Benton Central lost 9-2 to Western in the 2017 IHSAA Class 3A West Lafayette Sectional championship game.

BC bowed out of the state tournament series with a  3-2 loss to Maconaquah on a seventh-inning wild pitch in the first round of the 2018 3A Peru Sectional.

“We changed the culture a little bit,” says Vernon, whose current seniors have been varsity since freshmen year. That group includes three who have signed for college baseball —

Center fielder Payton Hall (University of Southern Indiana), right-handed pitcher/third baseman Alex Stout (Bethel College) and first baseman/left-hander Matt Taylor (Anderson University).

Right-hander Taylor Varnado, BC’s probable No. 1 starting pitcher in 2019 and a third baseman, is expected to sign soon. Junior shortstop Alex Thurston is verbally committed to Valparaiso University.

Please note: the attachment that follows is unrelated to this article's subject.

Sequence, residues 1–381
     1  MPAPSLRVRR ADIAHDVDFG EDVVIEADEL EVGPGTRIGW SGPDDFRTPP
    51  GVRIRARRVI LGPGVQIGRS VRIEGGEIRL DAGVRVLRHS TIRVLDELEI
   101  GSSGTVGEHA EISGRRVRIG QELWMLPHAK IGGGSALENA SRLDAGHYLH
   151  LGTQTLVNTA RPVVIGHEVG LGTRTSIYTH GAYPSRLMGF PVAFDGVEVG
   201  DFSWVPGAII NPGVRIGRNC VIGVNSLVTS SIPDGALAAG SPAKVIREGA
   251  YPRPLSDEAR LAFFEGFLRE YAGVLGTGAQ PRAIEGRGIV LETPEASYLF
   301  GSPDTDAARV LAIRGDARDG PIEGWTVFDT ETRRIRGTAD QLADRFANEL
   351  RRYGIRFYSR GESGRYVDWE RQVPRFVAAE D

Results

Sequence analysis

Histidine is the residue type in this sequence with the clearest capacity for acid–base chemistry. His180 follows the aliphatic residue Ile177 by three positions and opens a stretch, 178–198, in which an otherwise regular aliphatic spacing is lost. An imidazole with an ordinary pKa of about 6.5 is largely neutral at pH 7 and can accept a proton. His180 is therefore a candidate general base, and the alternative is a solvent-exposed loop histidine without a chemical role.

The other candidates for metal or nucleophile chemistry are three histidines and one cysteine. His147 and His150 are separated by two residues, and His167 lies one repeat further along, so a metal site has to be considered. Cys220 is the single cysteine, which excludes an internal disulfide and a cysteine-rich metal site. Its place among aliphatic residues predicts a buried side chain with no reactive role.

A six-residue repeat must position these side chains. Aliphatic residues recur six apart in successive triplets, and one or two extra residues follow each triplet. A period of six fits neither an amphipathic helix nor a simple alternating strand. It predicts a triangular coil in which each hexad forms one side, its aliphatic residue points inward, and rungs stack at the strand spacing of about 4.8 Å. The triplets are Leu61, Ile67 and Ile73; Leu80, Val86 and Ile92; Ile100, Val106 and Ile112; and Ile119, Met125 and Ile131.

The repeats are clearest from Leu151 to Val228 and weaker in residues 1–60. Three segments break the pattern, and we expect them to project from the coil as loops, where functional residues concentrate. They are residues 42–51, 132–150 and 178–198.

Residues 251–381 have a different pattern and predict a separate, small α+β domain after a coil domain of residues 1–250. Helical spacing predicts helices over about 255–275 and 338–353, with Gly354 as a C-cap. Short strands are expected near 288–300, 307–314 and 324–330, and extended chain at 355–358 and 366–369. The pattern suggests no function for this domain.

Vernon says he expects to have about 30 players for varsity and junior varsity teams in the spring. The JV went 11-6 in 2018.

Benton Central (enrollment of about 580) belongs to the Hoosier Athletic Conference (with Benton Central, Lafayette Central Catholic, Twin Lakes and Rensselaer Central in the West Division and Hamilton Heights, Lewis Cass, Northwestern, Tipton and Western in the East Division).

Teams play a home-and-home within their division then a crossover game with the corresponding regular-season placer in the other division.

BC is in an IHSAA Class 3A sectional grouping with Maconaquah, Northwestern, Peru, West Lafayette and Western. Benton Central has won 25 sectionals — the last in 2009.

The Bison roam on-campus at Darrell Snodgrass Field, a facility that recently received new fencing and upgraded dugouts and sound system. The worked on the diamond in the fall, doing things like edging.

A unique feature is the sounds of wind turbines. Benton County is home to wind farms.